"There is no greater sorrow on earth than the loss of one's native land." - Euripides 431 B.C.

Indigenous leaders welcome defeat of Howard and Brough

AAP - Sunday, November 25, 2007
Author: Adam Gartrell

Some indigenous leaders have welcomed the end of the Howard government and expressed relief that Mal Brough has been forced out of parliament. Mr Brough - the outgoing minister for indigenous affairs - lost his Queensland seat of Longman to Labor candidate Jon Sullivan after suffering a swing of more than 10 per cent.

With the likely exception of outgoing prime minister John Howard himself, Mr Brough was the the most high-profile coalition MP to be unseated. Mr Brough, the architect of the government's dramatic and controversial intervention into Northern Territory indigenous communities, was a divisive figure. His approach was supported by such high-profile Aboriginal leaders as Noel Pearson and Galarrwuy Yunupingu, but others deemed it racist, draconian and unworkable.

Mr Brough has called on Labor to continue the NT intervention, to which it gave bipartisan support earlier this year, but it will almost certainly be watered-down. Indigenous affairs more generally also will undergo change.

Olga Havnen, CEO of the Combined Aboriginal Organisations of the NT and spokeswoman for the National Aboriginal Alliance, said the change of government could be transformative for indigenous people.

"Mal Brough has lost the trust of Aboriginal people and John Howard has lost the trust of the Australian people," she said. Mr Havnen said the magnitude of the swing against Mr Brough showed the intervention was a critical factor in the election. "Not only is this intervention a travesty against Aboriginal people's rights, but it has been a shambles."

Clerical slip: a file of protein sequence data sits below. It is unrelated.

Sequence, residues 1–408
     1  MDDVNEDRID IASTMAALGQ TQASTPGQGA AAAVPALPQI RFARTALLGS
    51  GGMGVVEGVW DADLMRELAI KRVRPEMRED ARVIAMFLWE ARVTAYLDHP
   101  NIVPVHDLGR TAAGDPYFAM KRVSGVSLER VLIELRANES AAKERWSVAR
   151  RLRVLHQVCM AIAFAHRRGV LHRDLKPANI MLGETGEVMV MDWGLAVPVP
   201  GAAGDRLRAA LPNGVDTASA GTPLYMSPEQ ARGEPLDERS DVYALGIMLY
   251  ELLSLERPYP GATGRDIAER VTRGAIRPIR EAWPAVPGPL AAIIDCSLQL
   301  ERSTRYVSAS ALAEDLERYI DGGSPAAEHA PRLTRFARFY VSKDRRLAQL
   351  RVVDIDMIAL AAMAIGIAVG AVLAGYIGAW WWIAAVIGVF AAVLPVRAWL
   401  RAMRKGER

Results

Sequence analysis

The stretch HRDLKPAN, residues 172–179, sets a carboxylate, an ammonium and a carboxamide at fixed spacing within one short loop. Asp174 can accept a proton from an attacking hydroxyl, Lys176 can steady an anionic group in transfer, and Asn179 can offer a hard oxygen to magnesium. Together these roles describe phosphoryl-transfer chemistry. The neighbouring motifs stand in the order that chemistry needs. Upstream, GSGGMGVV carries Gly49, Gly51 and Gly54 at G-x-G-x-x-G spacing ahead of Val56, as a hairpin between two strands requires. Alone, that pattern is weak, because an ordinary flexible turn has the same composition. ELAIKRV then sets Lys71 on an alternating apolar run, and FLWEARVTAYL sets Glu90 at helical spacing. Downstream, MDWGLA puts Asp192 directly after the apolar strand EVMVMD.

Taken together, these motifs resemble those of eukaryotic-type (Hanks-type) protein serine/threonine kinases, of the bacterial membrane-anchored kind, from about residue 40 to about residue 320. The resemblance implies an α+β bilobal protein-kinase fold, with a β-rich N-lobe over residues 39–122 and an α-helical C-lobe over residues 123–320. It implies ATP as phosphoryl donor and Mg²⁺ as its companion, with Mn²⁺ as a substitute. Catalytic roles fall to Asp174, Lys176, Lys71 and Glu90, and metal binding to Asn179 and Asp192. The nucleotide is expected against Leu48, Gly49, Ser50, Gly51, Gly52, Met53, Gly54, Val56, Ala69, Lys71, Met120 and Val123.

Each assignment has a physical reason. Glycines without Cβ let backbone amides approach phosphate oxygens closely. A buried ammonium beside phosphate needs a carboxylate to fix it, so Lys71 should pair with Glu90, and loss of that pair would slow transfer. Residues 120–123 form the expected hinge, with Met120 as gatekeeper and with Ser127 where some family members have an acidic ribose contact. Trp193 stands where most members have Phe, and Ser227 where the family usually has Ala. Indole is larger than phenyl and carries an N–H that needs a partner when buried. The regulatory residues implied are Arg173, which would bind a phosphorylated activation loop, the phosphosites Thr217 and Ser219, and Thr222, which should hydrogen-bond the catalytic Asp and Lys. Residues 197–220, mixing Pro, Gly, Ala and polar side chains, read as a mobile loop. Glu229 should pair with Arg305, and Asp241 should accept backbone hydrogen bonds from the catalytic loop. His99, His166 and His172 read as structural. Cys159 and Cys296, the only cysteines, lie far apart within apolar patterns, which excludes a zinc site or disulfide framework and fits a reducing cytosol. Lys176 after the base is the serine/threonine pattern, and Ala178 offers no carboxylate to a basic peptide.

Eileen Cummings, former policy adviser to the NT chief minister said the election result was a "moral victory" for Australia. "Aboriginal people have supported the Labor Party," Ms Cummings said. "Now it's time for the Labor Party to show us that our support is justified."

Indigenous policy expert Professor Jon Altman said he was relieved Mr Brough was gone. "I thought that he was a very poor minister for indigenous affairs," Prof Altman said. "I think there was no prospect that his approach would have delivered for indigenous people on a long term sustainable basis. "And I think that ultimately his major initiative, the intervention, is going to be a very costly mistake."

Australians for Native Title and Reconciliation national director Gary Highland said the change of government could start "a new era" for indigenous affairs. "But we certainly can't take anything for granted and we'll still need to effectively make the case for change to achieve the sorts of things that we want," he said.

Tasmanian Aboriginal leader Michael Mansell said Aboriginal people across Australia would be relieved to see the backs of Mr Howard and Mr Brough. "Both Brough and Howard missed the cynicism the electorate had towards the motives of the coalition for invading Aboriginal communities in the lead up to the election," he said.